Honda exited Formula One at the end of last season in spectacular fashion by becoming the first non-Mercedes power unit supplier to a champion in the hybrid era. Reports last week said that despite setting up its own powertrain division, Red Bull is attempting to convince Honda to supply it with parts from Japan until the current power unit regulations end in 2025. This week, Honda confirmed to The Drive that it has indeed been asked, but no decision has been made yet.
Honda and Red Bull had already agreed on a power unit supply program through 2022, during the start of the development freeze, so that the teams weren't left without anything to make the cars go. There'll also be trackside and operational support from Honda to Red Bull and AlphaTauri, basically the same as what went on while they were officially an F1 supplier.
Red Bull then agreed to buy Honda's intellectual property for its power unit designs, along with its factory in Milton Keynes. That facility had been used exclusively for the F1 project and is just around the corner from Red Bull's own base in the same town. There's been a flurry of HR activity ever since, with large numbers of personnel poached for Red Bull from High Performance Powertrains—Mercedes' F1 and Formula E power unit builder. It seemed like Red Bull was pretty serious about using 2022 to gear up its own production.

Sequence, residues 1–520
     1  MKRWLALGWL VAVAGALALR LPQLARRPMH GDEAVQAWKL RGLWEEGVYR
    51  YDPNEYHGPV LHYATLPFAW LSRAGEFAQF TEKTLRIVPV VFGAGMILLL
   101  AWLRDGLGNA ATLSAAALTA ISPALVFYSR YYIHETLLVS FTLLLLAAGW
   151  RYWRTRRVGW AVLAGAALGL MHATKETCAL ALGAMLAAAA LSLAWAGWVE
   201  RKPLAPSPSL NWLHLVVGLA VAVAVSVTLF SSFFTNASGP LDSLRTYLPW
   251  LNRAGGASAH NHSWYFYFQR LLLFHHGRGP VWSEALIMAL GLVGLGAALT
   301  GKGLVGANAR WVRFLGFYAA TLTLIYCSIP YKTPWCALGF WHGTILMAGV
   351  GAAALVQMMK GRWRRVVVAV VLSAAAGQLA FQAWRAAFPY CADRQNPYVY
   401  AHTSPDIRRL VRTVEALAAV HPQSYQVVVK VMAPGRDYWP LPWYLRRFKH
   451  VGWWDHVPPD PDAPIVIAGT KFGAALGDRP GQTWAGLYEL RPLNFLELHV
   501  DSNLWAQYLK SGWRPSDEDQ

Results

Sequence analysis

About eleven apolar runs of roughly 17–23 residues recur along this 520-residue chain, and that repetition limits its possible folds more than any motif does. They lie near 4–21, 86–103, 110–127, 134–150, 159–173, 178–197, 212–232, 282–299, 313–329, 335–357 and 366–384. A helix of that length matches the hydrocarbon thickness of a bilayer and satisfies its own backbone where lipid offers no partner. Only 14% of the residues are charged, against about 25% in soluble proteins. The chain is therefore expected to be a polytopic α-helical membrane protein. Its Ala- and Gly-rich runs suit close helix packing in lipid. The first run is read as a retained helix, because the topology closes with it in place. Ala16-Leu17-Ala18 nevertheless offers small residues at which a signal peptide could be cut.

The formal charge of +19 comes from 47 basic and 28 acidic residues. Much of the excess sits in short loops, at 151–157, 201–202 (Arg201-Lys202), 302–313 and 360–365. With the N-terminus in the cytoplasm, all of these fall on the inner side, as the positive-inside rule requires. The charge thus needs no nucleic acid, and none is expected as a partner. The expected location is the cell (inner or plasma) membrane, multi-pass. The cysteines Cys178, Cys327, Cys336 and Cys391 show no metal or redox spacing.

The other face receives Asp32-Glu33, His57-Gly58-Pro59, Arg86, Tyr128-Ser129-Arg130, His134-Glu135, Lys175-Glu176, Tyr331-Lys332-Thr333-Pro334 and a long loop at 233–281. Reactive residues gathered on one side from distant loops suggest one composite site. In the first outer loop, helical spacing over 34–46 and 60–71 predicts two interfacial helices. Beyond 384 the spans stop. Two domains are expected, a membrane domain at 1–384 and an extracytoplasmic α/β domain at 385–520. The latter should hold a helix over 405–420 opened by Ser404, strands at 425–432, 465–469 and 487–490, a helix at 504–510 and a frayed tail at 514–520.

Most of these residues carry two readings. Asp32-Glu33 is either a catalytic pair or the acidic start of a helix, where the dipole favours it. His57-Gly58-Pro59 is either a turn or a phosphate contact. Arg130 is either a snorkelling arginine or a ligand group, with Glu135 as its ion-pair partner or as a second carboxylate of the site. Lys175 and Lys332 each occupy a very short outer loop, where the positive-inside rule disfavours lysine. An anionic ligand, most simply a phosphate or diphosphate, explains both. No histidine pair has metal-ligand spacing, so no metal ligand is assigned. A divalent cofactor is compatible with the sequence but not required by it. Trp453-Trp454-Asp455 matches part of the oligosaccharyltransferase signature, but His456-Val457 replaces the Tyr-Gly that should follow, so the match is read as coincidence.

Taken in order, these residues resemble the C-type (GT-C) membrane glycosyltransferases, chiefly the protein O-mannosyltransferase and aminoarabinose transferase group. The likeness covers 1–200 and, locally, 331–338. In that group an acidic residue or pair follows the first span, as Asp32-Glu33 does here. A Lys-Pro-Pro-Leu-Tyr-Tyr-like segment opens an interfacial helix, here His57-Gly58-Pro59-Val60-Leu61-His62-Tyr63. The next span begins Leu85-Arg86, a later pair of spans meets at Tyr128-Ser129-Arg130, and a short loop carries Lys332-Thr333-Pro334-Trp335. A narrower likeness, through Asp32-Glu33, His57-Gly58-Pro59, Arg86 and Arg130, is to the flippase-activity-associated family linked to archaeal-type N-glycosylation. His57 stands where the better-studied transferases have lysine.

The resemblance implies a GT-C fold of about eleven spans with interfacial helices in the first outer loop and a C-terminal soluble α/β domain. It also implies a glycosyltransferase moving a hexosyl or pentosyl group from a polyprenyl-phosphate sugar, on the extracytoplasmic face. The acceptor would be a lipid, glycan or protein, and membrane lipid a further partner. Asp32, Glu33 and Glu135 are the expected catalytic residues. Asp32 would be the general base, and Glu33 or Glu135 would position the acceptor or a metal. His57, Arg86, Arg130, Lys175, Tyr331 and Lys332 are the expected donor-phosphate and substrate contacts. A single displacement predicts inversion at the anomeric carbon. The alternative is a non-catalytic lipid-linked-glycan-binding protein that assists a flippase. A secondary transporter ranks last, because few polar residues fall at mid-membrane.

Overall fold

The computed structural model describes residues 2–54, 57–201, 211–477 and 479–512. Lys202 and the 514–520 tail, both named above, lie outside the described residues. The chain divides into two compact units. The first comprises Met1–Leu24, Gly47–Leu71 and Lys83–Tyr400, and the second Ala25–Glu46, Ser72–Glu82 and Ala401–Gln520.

However, an interview with Red Bull consultant Helmut Marko last week had him going a bit off-message (not the first time it's happened) in Austrian magazine Autorevue. He said, "[Red Bull] have now found a solution that is completely different from the one we originally planned. The engines will be made in Japan, ready to go, until 2025—we won't touch them at all. It will mean that the [intellectual property rights] and all of these things stay with the Japanese, which is important for 2026 because it makes us newcomers."
If you're wondering what that last bit means, it's that there's a rule coming for F1's next era of power units when the MGU-H will be done away with and electrical power is set to increase from 2026 onwards. It's designed to try and seduce a brand—in this instance, almost certainly Porsche—into joining by making them initially less constrained by the power unit development budget cap that other teams will be subject to. So there would be a strategic decision to do this, not just that Red Bull might struggle to supply its own power units in just a year's time.
When that quote came out, some outlets reported it as gospel that what Marko said was happening. The Drive reached out to both Red Bull and Honda to check in on the story, though, which seems far from set in stone.
For its part, Red Bull downplayed the story and told me that nothing was agreed despite Marko's comments. Honda got back to me to confirm that "Honda will support Red Bull Powertrains in building the 2022 PU and also provide trackside and race operation support from HRC throughout the 2022 season. And we received a request from Red Bull to extend the period, however we have not yet decided at the moment."
So: Red Bull asked, Honda isn't sure yet, and the situation's not much clearer than it was to start with.
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